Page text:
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Tara Kaushal, the author of the breakthrough book Why Men Rape speaks of the challenges of going undercover to speak with actual rapists and writing it.
Many things have been said and written about patriarchy, rape and other gender related violence over the years but Tara Kaushal’s Why Men Rape: An Indian Undercover Investigation goes deeper into the Indian context of rape; it analyses the psychology of men who rape, and our understanding of what rape is.
India is a complex and multi-faceted country, the cultural, environmental and social factors that affect women’s safety here is vastly different from other countries outside of South Asia. Tara Kaushal through her book Why Men Rape aims to understand and analyse these unique Indian scenarios that makes rape and rape culture flourish here.
*Trigger warning: This contains some graphic descriptions of violence against women – specifically rape, and may be triggering to survivors
Why Men Rape by Tara Kaushal digs into the lives of nine rapists from various cultural, economical and social backgrounds of India and dissects the reasoning, understanding and psychology of the men who are inclined towards sexual violence. Tara talks about her journey of going undercover and dissecting these men and their lives from a close proximity and sometimes even in dangerous situations.
A project as complex as this comes with its own set of challenges, Tara talks about her seven-year-long journey of writing the book and the challenges that came with it:
“The idea for this book and larger project came to me in 2013, after the Delhi gang rape—that’s when I started reading, saving and planning for it—but it was only in 2017 that I took it on full-time. I started with crowd funding for it, which I didn’t expect to be as hard and time consuming as it was! I went undercover with my first set of subjects between September and December that year, and then I did my second set of subjects between August and December the following year. I spent the whole of 2019 writing and finished early this year. The book was to have come out on the 20th of April but was delayed by COVID, and came out on the 22nd of June.”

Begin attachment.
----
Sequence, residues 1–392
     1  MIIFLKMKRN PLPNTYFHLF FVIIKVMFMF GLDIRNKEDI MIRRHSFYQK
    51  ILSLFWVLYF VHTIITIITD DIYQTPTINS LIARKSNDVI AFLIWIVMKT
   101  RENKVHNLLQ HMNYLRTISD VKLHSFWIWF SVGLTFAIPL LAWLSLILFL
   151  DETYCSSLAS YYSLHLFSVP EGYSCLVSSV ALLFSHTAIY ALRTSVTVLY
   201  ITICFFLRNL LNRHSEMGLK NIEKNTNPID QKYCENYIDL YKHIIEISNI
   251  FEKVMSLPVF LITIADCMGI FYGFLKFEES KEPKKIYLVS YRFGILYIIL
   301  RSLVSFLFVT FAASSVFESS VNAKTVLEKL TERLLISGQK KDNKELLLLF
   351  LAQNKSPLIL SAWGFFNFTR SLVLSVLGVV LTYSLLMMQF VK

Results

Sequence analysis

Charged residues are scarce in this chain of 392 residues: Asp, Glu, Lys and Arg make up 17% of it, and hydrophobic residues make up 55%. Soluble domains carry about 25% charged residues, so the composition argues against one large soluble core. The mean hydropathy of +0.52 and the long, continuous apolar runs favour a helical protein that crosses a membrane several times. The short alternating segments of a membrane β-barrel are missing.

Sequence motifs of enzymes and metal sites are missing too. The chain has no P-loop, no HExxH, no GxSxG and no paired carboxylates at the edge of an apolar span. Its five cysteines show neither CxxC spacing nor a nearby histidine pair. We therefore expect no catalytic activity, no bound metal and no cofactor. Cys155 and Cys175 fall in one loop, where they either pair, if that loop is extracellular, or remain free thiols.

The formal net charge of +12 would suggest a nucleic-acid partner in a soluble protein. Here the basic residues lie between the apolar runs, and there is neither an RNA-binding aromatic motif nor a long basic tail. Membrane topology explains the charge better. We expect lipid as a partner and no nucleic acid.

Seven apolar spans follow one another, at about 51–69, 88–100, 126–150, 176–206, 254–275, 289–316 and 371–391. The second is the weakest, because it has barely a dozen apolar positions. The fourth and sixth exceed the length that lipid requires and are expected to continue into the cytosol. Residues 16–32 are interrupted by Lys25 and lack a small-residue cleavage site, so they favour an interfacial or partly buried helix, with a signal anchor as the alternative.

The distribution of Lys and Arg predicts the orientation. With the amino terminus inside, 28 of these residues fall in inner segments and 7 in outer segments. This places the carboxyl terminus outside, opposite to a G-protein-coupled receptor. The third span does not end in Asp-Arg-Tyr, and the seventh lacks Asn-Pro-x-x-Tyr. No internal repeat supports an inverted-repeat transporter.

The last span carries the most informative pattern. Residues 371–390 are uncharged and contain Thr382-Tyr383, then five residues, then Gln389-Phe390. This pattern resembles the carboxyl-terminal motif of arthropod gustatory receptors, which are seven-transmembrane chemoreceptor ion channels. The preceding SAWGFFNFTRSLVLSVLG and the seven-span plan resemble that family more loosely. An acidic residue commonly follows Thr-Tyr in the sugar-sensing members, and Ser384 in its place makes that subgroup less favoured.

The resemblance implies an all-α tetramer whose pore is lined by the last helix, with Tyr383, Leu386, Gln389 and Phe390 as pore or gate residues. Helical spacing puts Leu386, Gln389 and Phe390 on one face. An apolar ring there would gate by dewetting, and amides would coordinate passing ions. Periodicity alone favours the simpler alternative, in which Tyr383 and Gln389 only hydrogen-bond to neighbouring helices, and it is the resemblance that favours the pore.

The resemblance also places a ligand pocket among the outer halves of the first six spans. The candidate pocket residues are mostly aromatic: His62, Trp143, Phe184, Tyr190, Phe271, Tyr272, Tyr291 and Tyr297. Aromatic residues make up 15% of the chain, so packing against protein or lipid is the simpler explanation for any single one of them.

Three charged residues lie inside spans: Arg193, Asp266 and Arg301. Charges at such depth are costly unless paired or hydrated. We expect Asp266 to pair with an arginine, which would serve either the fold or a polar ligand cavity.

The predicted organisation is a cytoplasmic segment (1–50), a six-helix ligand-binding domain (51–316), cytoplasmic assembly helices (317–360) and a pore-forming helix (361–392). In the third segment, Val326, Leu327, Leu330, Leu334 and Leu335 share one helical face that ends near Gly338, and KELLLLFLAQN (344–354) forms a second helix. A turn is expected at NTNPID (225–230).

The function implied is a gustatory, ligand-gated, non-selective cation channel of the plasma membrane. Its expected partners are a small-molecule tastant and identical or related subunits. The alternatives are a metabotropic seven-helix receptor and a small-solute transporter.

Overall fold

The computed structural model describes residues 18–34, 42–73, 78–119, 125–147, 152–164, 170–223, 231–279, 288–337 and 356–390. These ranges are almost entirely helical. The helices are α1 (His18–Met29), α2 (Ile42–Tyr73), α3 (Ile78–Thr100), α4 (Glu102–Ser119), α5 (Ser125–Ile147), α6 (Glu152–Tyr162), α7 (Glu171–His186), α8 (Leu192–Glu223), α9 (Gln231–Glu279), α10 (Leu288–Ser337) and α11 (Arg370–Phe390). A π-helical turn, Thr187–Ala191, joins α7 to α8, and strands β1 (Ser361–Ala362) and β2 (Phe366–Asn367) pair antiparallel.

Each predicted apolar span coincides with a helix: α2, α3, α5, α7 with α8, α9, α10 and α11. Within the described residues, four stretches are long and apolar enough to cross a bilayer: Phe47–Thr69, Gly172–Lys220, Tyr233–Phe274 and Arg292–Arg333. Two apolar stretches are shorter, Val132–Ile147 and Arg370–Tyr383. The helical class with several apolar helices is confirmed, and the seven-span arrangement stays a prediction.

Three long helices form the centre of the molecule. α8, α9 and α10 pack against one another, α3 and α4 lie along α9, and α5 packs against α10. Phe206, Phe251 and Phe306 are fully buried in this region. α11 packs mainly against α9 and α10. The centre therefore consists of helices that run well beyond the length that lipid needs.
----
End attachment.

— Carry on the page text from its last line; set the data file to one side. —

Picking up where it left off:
“As much as every phase had its own challenges, the most challenging aspect was the writing, hands down. It took me a long to time to process all of the data that I had read or gleaned from the experts I interviewed. And I had to see how it applied to, intersected with the lives of my subjects. Also, the point was to make the important interesting, to make complex data and academic research palatable for my readers. For example, I was reading an important article that was only about 10-15 pages but it was so dense that it took me two weeks to read it! I didn’t want my book to be like that. It took me so long to understand the research, and even longer to process it and write about it.”
“My spouse helped me a lot during the difficult times, without him this book would not have been possible at all. He did everything I needed him to do. He was the one who kept me going.”
Tara went undercover and investigated nine men who had committed acts of rape but were not in jail for one reason or another. She would spend the entire day talking to these men and their family members sometimes she encountered dangerous situations as well.
Maintaining an undercover identity and talking about sensitive issues that are deeply personal doesn’t sound an easy thing to do. Tara says one was definitely much harder than the other,
“Maintaining the identity was easy because it was borrowed a bit from my actual identity. I pretended to be researcher from Australia and I am part Australian. So maintaining the story was the easy bit. Maintaining the emotions was not. It wasn’t easy at all, because my empathy and sympathy clearly lies with the victims. So to be able to extend empathy to men who rape like took all I had. But If I didn’t extend that empathy and applied the judgement which was just under the surface for me, I would have defeated the purpose of why I was there. I was there to listen and hear their side of the story. If I didn’t consciously let my anger go, I would not have got what I was looking for, I would have lost track of the big picture. It was challenging and I did deal with quite a bit of depression and emotional turbulence during the writing of this book.”
Even though the description of the book may lead you to believe that it is an explicit book with gruesome details, Why Men Rape by Tara Kaushal is a very insightful and the least triggering of all the books about gender violence I have read. There are moments of utter shock that inevitably comes while discussing rape and paedophilia but it thankfully doesn’t including any description of the act of rape itself. Tara says she made a very conscious effort to not include such details. She says,
“Some people say that you should be graphic so that (potential) perpetrators understand just how gruesome and horrifying rape is. This is based on the older idea of violence, the idea that perpetrators ‘objectify’ their victims and, therefore, humanising the victims will or may lead them to stop.
It is only recently that researchers have started to look at violence in the exact opposite fashion. The idea is that it is not the absence of the victims’ personhood but the presence of it that causes the violence. When seen like this, perpetrators want to hurt and humiliate, and enjoy the hurt and humiliation they are causing. From this perspective, giving graphic descriptions is just titillation.”